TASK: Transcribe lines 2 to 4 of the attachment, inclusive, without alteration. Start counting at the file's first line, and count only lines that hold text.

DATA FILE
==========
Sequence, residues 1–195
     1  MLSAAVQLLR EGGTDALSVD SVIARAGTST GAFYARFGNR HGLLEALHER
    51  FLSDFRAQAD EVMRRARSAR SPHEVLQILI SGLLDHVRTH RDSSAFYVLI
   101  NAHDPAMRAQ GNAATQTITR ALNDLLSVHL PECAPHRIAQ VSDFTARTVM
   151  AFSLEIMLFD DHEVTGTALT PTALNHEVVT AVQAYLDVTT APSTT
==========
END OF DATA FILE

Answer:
     1  MLSAAVQLLR EGGTDALSVD SVIARAGTST GAFYARFGNR HGLLEALHER
    51  FLSDFRAQAD EVMRRARSAR SPHEVLQILI SGLLDHVRTH RDSSAFYVLI
   101  NAHDPAMRAQ GNAATQTITR ALNDLLSVHL PECAPHRIAQ VSDFTARTVM